Brooks Robinson

Position: Third baseman
: Baltimore Orioles, 1955-1977

Brooks Robinson revolutionized the third base position. He was a soft-handed, accurate-armed man who did with reflexes and intelligence what can't be accomplished with just quickness and a strong arm. He won the Gold Glove 16 times and earned 15 straight All-Star Game starting assignments. Upon his retirement, Robinson held almost every major fielding record for third basemen, including most games (2,870), highest fielding average (.971), most putouts (2,697), most assists (6,205), and most double plays (618).

Brooks Robinson
No player will ever again wear No. 5 for the Orioles, and the probability is that
no one ever again will play 23 seasons in a Baltimore uniform.

Born in Little Rock, Arkansas, in 1937, Brooks Calbert Robinson was discovered while playing second base in a church league. The Orioles signed him in 1955 and brought him up after he hit .331 in the Piedmont League. He hit .091 with Baltimore that year. He split several more seasons between Baltimore and the minors, and by 1960 was the regular Oriole third baseman. For the next four years, he was respectable offensively, hitting for decent average and some power. He had a .303 batting average and 23 homers in 1962.

In 1964, Robinson batted .317 with a career-high 28 homers and a league-leading 118 RBI. His offensive production, as well as his sterling glovework that year, earned him AL MVP honors, though the Orioles finished third. Frank Robinson joined the Orioles in 1966, and Baltimore went on to its first World Series. Brooks hit .269 with 23 homers and 100 RBI that year. In 1968, Earl Weaver became the Orioles manager, and Brooks had the chance to star for a team that would finish first or second in eight of the next nine years.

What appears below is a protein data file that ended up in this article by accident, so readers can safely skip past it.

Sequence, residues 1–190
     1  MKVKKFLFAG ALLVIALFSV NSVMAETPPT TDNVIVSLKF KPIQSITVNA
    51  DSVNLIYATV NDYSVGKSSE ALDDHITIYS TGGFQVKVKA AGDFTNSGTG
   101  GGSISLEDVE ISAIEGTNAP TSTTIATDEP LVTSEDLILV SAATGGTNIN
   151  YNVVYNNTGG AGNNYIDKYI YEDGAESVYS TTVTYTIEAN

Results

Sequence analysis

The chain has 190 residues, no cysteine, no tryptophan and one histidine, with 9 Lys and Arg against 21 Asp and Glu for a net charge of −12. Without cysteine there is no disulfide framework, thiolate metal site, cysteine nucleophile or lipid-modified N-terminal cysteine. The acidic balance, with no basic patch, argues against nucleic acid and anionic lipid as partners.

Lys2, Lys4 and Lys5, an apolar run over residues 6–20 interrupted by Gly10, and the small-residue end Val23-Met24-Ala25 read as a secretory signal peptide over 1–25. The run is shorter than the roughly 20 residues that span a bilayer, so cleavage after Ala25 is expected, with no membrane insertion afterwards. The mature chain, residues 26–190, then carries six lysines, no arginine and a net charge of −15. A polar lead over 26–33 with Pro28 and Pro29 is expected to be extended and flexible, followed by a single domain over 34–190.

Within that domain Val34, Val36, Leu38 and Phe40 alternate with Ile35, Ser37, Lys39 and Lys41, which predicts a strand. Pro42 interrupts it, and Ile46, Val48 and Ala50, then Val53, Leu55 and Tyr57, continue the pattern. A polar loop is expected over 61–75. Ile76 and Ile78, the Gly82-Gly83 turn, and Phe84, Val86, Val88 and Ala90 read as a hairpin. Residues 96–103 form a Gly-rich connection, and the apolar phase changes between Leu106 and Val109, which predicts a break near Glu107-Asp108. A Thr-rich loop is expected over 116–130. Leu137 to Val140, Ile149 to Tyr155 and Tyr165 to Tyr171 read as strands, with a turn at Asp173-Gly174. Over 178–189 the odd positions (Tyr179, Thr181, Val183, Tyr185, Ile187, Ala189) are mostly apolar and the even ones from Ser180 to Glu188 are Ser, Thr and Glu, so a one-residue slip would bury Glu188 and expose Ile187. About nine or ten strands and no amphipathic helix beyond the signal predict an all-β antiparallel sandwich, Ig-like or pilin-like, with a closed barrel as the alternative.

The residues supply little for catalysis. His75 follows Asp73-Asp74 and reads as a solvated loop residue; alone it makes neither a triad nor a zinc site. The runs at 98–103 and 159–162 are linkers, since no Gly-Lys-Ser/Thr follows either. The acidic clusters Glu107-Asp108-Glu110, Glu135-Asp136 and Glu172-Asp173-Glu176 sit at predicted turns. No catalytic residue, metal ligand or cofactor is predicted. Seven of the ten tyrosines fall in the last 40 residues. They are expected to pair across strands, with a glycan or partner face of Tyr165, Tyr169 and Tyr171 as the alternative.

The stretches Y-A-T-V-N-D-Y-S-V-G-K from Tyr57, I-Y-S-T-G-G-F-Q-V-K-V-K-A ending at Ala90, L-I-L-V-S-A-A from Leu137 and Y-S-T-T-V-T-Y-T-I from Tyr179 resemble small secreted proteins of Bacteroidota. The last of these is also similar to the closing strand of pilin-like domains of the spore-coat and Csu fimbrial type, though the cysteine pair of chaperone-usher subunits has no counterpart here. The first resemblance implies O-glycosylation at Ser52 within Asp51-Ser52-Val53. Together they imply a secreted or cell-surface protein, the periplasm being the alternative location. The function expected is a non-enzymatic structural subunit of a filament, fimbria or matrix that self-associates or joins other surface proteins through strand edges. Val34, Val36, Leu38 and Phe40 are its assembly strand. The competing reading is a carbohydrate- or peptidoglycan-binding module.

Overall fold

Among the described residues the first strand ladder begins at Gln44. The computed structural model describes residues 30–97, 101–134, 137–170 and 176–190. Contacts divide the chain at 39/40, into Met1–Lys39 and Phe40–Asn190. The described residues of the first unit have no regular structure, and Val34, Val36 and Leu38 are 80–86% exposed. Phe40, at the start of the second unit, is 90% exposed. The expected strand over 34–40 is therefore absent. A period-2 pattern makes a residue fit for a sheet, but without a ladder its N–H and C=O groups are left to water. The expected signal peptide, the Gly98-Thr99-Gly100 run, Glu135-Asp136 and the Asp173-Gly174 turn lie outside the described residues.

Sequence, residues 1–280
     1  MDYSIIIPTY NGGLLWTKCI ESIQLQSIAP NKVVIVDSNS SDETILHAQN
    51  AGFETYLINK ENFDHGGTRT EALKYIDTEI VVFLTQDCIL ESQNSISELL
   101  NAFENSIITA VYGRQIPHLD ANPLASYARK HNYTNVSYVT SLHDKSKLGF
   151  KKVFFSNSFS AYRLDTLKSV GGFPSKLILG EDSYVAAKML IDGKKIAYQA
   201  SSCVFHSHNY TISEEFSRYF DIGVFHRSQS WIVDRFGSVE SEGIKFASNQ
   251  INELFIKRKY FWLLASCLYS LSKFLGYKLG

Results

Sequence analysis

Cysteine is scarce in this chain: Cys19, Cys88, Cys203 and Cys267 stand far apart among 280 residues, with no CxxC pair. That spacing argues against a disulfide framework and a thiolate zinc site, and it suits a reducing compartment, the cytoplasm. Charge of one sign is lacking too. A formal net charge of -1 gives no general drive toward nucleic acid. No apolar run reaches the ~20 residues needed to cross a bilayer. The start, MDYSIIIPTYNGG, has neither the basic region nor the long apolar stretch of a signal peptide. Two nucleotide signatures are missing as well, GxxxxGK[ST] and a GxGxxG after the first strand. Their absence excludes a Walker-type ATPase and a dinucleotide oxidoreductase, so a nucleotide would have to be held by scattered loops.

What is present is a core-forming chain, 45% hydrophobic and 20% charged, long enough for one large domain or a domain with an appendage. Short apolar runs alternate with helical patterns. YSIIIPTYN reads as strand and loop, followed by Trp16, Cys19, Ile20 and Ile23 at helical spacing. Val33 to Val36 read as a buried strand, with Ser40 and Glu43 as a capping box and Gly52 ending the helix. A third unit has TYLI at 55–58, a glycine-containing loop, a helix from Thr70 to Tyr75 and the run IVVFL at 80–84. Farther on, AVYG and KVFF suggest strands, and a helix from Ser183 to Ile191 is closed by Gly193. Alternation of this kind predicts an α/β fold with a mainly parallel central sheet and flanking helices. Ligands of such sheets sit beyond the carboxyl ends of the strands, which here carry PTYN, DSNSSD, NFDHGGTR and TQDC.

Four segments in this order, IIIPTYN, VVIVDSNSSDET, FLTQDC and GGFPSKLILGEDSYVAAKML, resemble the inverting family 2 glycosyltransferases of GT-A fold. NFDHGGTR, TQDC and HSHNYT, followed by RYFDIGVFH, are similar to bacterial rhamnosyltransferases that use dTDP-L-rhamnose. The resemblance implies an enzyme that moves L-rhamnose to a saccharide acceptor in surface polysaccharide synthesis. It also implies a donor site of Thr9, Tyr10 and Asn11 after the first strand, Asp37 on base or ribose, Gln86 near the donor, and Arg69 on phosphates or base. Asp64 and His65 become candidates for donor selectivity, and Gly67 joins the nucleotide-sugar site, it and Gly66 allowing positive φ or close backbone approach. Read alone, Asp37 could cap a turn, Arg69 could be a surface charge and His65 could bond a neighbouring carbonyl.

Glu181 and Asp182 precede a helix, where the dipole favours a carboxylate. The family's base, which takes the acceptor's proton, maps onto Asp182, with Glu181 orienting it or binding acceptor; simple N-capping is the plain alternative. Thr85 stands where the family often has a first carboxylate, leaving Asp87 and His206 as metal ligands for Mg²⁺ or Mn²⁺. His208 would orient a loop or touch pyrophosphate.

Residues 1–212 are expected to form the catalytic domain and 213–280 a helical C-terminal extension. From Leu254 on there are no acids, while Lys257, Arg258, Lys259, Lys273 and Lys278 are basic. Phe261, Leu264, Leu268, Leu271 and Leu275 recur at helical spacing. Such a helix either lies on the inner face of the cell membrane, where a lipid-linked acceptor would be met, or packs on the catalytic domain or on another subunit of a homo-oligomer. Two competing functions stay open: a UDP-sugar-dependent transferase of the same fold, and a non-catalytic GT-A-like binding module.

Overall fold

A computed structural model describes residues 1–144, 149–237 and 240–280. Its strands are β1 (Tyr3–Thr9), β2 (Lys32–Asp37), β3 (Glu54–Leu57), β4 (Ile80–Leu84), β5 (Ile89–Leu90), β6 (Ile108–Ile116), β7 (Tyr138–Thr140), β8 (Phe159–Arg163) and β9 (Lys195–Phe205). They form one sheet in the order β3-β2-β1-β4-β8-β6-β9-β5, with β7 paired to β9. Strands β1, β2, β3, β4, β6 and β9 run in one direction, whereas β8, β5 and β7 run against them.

Robinson's work in the 1970 World Series earned him MVP honors; he hit .583 in the ALCS and .429 in the fall classic with two homers and a highlight reel full of defensive gems. The vanquished Reds nicknamed him "Hoover" after the affair, expounding on his tag of the "human vacuum cleaner."

Robinson was the Orioles regular third baseman for 18 years. In 23 big-league seasons, he had over 20 homers six times and over 80 RBI eight times. He collected 2,848 hits, 268 home runs, and 1,357 RBI. Though he topped the .300 mark only twice, his career average was .267. He led AL third basemen in fielding average in 11 seasons, including five years and then four years consecutively. He also led circuit hot corner men in assists eight times, putouts and double plays three times, and total chances per game twice.

After retiring in 1977, he became a baseball broadcaster in Baltimore. Personable and very popular among baseball fans everywhere, Robinson was inducted into the Hall of Fame in 1983.

Here are Brooks Robinson's major league totals:


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